The US is forcing a Chinese control company with Silicon Valley funding

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The U.S. Department of Commerce has sanctions 14 Chinese technology companies involved in human rights abuses against Uighur Muslims in Xinjiang, including one backed by Silicon Valley’s top investment company.

DeepGlint, also known as Beijing Geling Shentong Information Technology Co., Ltd., is a facial recognition company with deep ties to Chinese police surveillance and funding from U.S. Sequoia Capital. Today, the Department of Commerce added it to its own list Entity list, which restricts U.S. companies from doing business with listed companies without a special license. Sequoia did not respond immediately to the request for comment.

DeepGlint established a facial recognition laboratory in 2018 with the Chinese authorities in Urumq, the capital of Xinjiang. South China Morning Post. It has also received international bragging rights U.S. National Institute of Standardization and Technology (NIST) facial recognition supplier test. DeepGlint claimed in the peak accuracy test from January 2021, giving it a a powerful marketing tool in the security and surveillance industry.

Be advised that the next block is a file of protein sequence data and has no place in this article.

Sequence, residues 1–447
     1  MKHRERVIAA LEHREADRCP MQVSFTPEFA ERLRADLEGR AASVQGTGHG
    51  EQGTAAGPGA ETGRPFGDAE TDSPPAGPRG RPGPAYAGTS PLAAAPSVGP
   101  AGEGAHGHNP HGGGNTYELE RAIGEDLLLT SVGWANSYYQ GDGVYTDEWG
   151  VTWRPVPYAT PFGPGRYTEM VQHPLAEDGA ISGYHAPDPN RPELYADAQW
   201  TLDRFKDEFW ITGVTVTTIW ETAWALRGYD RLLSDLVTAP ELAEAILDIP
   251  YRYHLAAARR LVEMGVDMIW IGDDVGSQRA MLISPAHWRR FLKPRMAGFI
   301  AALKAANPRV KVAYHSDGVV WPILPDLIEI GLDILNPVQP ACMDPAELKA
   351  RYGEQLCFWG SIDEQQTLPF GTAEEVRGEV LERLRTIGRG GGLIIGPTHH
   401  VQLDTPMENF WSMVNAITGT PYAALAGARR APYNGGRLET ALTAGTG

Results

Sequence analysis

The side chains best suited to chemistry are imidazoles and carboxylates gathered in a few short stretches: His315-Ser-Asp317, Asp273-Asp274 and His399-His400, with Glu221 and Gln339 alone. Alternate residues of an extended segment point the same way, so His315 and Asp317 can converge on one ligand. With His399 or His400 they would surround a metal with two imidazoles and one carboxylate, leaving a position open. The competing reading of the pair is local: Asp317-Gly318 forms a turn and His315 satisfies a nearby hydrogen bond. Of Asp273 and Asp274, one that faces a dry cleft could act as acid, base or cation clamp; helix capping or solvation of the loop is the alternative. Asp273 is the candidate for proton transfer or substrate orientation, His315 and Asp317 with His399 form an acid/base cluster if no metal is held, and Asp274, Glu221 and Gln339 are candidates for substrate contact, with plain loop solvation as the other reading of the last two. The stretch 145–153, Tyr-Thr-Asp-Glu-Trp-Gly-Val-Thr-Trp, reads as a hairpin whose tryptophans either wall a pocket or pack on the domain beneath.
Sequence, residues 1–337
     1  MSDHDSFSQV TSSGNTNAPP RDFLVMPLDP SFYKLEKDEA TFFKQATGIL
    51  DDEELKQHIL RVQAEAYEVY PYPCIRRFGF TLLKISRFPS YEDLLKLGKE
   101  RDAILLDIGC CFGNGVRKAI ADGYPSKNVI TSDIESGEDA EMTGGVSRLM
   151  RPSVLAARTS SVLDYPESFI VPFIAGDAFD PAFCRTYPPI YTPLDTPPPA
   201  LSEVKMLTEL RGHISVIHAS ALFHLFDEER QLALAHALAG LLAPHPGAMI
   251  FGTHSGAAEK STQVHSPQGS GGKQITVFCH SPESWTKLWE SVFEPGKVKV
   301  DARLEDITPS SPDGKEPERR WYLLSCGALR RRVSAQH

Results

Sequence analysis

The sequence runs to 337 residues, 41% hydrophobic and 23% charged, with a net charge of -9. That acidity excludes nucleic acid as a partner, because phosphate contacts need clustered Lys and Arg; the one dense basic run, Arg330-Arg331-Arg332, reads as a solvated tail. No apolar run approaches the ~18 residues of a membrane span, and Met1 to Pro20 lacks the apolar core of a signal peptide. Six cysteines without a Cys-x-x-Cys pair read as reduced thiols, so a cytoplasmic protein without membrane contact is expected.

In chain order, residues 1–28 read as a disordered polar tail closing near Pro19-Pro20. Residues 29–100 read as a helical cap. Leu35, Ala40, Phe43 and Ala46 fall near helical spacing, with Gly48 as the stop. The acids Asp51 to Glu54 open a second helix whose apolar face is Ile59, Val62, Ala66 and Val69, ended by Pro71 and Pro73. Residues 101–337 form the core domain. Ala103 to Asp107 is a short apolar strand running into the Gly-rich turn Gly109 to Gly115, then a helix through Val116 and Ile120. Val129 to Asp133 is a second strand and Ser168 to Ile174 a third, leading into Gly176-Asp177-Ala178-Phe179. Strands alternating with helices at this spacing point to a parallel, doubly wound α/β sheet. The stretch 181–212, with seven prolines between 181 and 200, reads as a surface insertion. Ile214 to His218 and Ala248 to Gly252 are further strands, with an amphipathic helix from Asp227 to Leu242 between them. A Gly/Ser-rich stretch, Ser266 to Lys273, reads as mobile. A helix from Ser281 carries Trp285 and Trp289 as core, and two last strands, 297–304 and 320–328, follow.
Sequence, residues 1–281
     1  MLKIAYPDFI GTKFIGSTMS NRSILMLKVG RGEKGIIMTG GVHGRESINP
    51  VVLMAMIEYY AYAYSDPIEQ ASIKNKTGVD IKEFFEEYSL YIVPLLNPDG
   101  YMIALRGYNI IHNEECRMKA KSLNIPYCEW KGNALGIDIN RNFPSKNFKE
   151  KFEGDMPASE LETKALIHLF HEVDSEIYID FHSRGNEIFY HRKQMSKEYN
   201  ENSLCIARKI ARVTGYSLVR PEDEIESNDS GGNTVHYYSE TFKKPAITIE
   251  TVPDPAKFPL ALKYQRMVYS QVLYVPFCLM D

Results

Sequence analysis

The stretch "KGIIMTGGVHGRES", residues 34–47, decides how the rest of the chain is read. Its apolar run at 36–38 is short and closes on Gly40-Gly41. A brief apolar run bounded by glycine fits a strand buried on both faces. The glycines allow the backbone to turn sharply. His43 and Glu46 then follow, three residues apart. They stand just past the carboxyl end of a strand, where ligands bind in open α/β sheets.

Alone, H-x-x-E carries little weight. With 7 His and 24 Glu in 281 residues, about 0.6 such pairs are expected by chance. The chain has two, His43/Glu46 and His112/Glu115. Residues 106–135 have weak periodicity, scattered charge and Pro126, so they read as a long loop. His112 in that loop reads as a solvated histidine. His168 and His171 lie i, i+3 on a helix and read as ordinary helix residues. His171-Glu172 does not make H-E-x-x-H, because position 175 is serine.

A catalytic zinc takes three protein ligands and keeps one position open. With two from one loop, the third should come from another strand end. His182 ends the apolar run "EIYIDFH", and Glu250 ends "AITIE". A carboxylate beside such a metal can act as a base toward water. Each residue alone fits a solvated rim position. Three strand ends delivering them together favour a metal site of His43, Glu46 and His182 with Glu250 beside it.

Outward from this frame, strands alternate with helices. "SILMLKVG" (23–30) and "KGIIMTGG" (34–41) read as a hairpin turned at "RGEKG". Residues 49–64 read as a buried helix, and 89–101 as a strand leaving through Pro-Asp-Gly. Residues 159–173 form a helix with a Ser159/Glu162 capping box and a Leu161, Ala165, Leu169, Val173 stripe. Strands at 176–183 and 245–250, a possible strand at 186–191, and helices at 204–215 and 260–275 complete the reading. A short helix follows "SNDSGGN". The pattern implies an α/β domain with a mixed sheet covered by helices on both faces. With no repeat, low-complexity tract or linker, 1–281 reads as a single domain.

Although DeepGlint has been accepted for a public takeover bid on the Shanghai STAR Stock Exchange, the company has not seen the commercial success of other AI start-ups in the country, explained Jeffrey Ding ChinAI Newsletter last month. Because the company has invested so heavily in public works, it has to follow slow public procurement cycles and is unlikely to achieve huge infrastructure projects, Ding writes.

Sequoia Capital has funded another company that later ended up on the entity list. In 2020, Sequoia-sponsored Yitu Technology was was added to the list similar human rights violations. Sequoia already invested in DeepGlint in 2014, ahead of China genocide of the Uighurs had come to light. (In the same year, Bill Gates also referred to the launch as “very neat” KrAsia.)

The Ministry of Commerce also forced the Xinjiang Lianhai Chuangzhi Company and Chengdu Xiwu Security System Alliance, two subsidiaries of Chinese military suppliers. Both provide monitoring equipment and services according to their websites and academic reports. The Xinjiang Lianhai Chuangzhi Company created an artificial intelligence inspection system capable of tracking Uighurs as they move through cities. report Italian Institute of International Political Studies.

Another forced company today is Leon Technology, a surveillance company ruled by Chinese artificial intelligence giant SenseTime until its mission providing oppressive technology in Xinjiang reported in 2019. SenseTime then sold its 51 percent stake.

Ministry of Commerce sanctions also included nine other Chinese companies for national security reasons, as well as companies from Iran, Russia, and Canada.

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